Often times, Nick comes to the center after work, still dressed in his uniform. Obvious questions arose about what he does and what his work entails. The discipline, dedication, & commitment taught in the Navy are lessons easily transferable to the importance of having those qualities when it comes to school work. The relationship built between them has become one that inspires Troy on the journey towards his future!

“Recently, Troy has begun considering a future in the U.S. Navy. The possibility that I might walk with him on a journey to serve his country is, without question, my favorite part about mentoring.” – Nick Smith

At the center everyone knows when they see Nick, he’s here to hang with Troy!

“Most of my day is spent being called Lieutenant Smith or Nick. At MWYF I am ‘Troy’s mentor’ and I couldn’t be more happy about it.” -Nick Smith

The commitment Nick has to Troy has trickled outside of the center and has led to building a relationship with Troy’s family! We love how their relationship has developed over the last few years  and hope it continues to grow as Troy moves on to the 7th grade and beyond. We’re thankful for all that Nick has done & continues to do in developing such strong commitment to Troy’s success. We’re also excited to watch Troy learn, grow, and become all he was meant to be!

“I thank him everyday. I thank him for going out of his way to be the best mentor anyone can have!” -Troy (6th grade)

Nick & Troy

Arthur Ashe National Contest Winner & Winning Essay

CONGRATS to rising 7th grader Alfredo who was one of only 10 contest winners in the USTA Foundation’s NJTL National Arthur Ashe Essay and Photo Contest! Alfredo’s essay about his local NJTL hero won him a trip for two New York City and the 2015 Arthur Ashe Kids’ Day presented by Hess on August 29th. Great job, Alfredo! For all interested in reading his essay, check it out here!  News4Jax also covered this great achievement. Check out their full story here.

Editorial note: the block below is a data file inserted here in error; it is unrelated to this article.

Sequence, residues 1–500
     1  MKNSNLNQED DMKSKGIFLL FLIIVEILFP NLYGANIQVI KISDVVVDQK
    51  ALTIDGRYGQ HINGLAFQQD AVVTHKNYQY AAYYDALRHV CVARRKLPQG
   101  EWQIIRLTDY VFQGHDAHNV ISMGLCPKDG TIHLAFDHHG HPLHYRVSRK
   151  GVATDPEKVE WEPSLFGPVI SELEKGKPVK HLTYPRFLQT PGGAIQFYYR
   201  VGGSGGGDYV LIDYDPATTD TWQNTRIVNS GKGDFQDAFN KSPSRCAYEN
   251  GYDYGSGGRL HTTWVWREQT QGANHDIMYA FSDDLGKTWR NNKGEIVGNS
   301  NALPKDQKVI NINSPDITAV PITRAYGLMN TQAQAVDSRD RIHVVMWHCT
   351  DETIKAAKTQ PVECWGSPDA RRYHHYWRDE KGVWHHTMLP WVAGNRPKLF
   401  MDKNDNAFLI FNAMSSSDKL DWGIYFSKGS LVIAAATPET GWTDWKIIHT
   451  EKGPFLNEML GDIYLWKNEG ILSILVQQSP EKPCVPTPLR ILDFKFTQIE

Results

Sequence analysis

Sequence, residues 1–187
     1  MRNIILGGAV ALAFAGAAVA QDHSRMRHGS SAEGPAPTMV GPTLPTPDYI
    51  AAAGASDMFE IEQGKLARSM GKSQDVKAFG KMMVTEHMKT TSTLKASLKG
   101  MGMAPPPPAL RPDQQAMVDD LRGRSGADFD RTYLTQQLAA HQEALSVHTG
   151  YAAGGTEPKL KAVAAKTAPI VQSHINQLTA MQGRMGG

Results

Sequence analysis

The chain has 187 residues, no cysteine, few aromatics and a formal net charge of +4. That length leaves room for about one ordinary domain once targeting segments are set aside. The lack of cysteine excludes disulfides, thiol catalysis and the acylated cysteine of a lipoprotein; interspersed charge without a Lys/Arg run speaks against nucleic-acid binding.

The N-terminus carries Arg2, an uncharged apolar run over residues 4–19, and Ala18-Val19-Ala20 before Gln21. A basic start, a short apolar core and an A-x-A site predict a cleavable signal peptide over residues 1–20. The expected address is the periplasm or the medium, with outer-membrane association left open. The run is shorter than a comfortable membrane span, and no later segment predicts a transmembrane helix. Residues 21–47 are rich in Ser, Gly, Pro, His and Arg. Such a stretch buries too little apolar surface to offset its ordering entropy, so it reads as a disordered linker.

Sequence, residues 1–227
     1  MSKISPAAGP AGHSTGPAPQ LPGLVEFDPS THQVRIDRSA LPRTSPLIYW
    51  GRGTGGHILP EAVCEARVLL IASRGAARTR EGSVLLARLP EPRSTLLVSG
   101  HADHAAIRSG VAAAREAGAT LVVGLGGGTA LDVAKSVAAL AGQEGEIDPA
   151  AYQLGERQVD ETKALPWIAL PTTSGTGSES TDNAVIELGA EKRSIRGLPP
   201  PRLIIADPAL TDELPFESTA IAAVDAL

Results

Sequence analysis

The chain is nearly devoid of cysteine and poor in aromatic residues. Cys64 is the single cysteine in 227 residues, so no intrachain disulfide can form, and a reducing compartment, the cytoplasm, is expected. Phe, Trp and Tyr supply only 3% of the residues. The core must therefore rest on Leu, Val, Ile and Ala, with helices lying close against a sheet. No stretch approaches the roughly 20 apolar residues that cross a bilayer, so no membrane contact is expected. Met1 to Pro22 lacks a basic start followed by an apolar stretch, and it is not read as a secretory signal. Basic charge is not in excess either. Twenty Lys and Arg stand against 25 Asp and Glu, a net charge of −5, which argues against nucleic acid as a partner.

AlfredoArthur Ashe Kids Day 2015

What a Scholarship Means to Me

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Ashton (second from the left) and other scholarship recipients pictured at the 2013 Gala where they were acknowledged for their hard work.

During my time as a student in the TnT program, I was able to earn over $16,000 in scholarships. While I was applying for college, it was nice to know that this money was available to use for classes, books and other expenses.

I currently attend FSCJ and plan to transfer to UCF next year. I am currently majoring in biology but am thinking about switching my major to exercise science. After I graduate with my Bachelor’s degree I will apply to Physical Therapy school. I hope to have some scholarship money left because PT school is expensive!

I think all of the students in the program should apply for scholarships because it is a good opportunity to get money for school. It’s also a good opportunity for them to practice their interview skills which they will need later when they apply for jobs.

-Ashton Scott